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Posted on Feb 22, 2022 in Books and Movies, Front Page Features

David Poyner’s Latest Book ‘Arctic Sea’ Updates the Modern Techno-Thriller. Book Review

David Poyner’s Latest Book ‘Arctic Sea’ Updates the Modern Techno-Thriller. Book Review

Ray Garbee

Arctic Sea.  Author: David Poyer. Publisher: St. Martin’s Press. Price $28.99

Arctic Sea is the latest installment in the 22-book series following the fictional exploits of U.S. Navy officer Dan Lenson.  If you’ve not read the prior books in the series, a brief recap of this near future history has resulted in the US and China having fought a short, nasty war. Both China and Russia are pushing for greater control of the world’s waters, including the thawing Arctic Ocean. On top of that, a pandemic is afflicting the world’s population and political differences in the United States have erupted into open conflict with an autocratic Federal administration intent on retaining power.

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If that recap comes across as horribly bleak, well, it’s tough to characterize this as the ‘feel good’ novel of the year. However, the book true to the events of the prior novels and Poyer conveys a plausible future in line with predictive science fiction works of the past. Reading Arctic Sea, I’m reminded of H.G. Well’s novel The Shape of Things to Come. The reader will find many of the narrative threads from the prior novels carried forward through this novel. The central protagonist of the book remains Dan Lenson, a veteran naval officer nearing the end of his career. But nearing the end is not the end and Dan has another set of adventures, this time involving the titular Arctic Sea.

The book feels like it is teetering on the edge of being science fiction, but that may be a reflection of both the pace of technological change and the increasing social tension in the world. A major thread in the story explores how artificial intelligence (“A.I.”) and machine-learning has the potential to change decision-making and operations. That may sound dry, but the ways in which that A.I. is used and perceived by people is an important thread. The book also explores the geography of the Arctic Ocean, and gets the reader thinking about that place at ‘the top of the world’.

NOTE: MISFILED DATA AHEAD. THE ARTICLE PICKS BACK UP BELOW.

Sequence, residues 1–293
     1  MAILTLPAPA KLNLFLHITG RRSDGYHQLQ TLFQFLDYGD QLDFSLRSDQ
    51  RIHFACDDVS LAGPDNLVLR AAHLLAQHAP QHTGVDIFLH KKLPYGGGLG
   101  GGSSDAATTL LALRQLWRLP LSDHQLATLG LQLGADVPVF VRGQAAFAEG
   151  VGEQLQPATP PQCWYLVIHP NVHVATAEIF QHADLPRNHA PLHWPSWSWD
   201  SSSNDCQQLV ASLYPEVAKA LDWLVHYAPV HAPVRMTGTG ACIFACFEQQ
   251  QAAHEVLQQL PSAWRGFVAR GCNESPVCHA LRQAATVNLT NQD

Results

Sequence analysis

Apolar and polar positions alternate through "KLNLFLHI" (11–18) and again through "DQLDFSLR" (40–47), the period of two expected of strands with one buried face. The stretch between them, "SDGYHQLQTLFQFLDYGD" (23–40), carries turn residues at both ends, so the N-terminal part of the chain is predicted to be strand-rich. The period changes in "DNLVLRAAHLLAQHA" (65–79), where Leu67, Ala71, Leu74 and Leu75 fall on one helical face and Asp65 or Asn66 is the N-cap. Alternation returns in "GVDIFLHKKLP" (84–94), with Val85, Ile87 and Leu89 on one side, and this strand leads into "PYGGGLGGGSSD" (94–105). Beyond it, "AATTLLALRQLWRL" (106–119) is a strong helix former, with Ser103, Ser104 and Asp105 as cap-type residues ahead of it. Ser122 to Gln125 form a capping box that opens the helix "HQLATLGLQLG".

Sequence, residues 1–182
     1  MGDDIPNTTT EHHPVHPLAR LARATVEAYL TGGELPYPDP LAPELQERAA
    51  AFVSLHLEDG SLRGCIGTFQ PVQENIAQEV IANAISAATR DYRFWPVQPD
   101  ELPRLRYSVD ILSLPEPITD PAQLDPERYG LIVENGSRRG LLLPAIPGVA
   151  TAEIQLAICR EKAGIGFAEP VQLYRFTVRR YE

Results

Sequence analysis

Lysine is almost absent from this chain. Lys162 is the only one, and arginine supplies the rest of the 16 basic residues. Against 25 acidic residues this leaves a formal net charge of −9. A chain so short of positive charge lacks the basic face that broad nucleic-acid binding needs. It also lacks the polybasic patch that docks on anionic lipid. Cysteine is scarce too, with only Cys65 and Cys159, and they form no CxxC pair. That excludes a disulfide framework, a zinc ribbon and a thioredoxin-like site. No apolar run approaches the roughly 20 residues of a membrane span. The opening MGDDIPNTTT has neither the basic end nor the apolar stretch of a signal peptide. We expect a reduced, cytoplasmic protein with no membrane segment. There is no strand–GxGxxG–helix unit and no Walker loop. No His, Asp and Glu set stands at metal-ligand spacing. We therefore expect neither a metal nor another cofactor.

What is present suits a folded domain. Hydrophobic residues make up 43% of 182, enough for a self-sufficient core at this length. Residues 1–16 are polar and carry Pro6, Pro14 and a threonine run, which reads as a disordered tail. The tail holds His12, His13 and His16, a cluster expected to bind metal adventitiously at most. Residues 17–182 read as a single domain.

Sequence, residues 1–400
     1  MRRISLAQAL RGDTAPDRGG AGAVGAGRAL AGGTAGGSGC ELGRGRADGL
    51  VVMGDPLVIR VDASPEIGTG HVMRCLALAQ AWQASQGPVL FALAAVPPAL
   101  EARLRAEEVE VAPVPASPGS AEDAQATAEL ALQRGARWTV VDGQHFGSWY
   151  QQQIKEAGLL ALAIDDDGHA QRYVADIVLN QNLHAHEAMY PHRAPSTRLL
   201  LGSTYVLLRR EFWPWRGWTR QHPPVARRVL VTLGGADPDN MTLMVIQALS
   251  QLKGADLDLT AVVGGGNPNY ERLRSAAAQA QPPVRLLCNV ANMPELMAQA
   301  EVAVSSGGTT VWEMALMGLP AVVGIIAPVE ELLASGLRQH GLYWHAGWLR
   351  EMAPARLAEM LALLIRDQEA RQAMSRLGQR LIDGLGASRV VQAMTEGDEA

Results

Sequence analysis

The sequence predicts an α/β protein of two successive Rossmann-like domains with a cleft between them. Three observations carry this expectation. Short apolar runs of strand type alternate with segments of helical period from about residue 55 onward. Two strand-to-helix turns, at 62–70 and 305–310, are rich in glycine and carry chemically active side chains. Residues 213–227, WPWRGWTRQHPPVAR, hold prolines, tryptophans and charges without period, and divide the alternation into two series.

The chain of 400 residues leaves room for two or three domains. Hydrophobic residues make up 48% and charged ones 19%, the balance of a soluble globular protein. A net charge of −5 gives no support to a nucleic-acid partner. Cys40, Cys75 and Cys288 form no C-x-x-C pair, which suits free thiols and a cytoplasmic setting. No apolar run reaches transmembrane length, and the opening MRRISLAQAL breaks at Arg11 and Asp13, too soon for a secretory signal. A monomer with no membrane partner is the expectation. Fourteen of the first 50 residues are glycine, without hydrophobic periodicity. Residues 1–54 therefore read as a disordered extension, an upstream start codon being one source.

UUV like the Snakehead are clear inspiration for elements of Arctic Sea. Photo By: Rich Allen/U.S. Navy

Balancing the ‘techie’ feel of the story is a look at how the aftermath of a war impacts the human aspects of government and life. Modern life rests on a fragile foundation of interconnected services. Poyer shows what can happen when those services are suppressed or destroyed. It can be a short trip from our comfortable modern world, to a place that feels almost medieval in safety and security.

It’s not always a pretty story, and at times I found aspects of the story evocative of dystopian video games like the Fallout series or even the Terminator movies. That’s not meant as a dismissive critique, if anything I mean quite the opposite. At one point I found myself muttering, “Do you want Skynet? Because this seems like how you get Skynet!”

Like H.G. Wells more than a century ago, Arctic Sea has David Poyer taking modern trends and projecting them into the near future. I see outcomes of predictions from more academic works like A.I. at War  or Cyberspace in Peace and War reflected in various threads of the novel. Some of the society conflict and plot aspects have that Law and Order ‘ripped from the headlines’ feel to them. We can debate whether those outcomes are plausible or even desirable, but they certainly drive the plot along. In several ways, Arctic Sea can certainly stand as a stark warning of the shape of things to come.

Readers who have stuck with the series will be rewarded with the continued activities and evolution of the characters. New readers will enjoy the read, but you might wish to backtrack through the earlier novels first (at least go back to The Cruiser, if not to the very beginning.) It’s not always the most cheerful of reads, but it’s an engaging read that will leave the reader with much to ponder.

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